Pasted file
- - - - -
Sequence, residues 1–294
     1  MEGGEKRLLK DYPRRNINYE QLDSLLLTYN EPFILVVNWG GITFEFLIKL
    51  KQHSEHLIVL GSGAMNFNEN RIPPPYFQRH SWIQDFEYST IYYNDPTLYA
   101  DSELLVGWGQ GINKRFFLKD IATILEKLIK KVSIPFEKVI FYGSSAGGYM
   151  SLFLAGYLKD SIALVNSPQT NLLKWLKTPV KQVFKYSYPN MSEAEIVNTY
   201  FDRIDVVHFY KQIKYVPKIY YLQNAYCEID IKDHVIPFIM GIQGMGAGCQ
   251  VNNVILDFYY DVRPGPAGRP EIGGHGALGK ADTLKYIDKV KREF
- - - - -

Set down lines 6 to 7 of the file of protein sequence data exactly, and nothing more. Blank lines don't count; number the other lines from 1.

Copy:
   201  FDRIDVVHFY KQIKYVPKIY YLQNAYCEID IKDHVIPFIM GIQGMGAGCQ
   251  VNNVILDFYY DVRPGPAGRP EIGGHGALGK ADTLKYIDKV KREF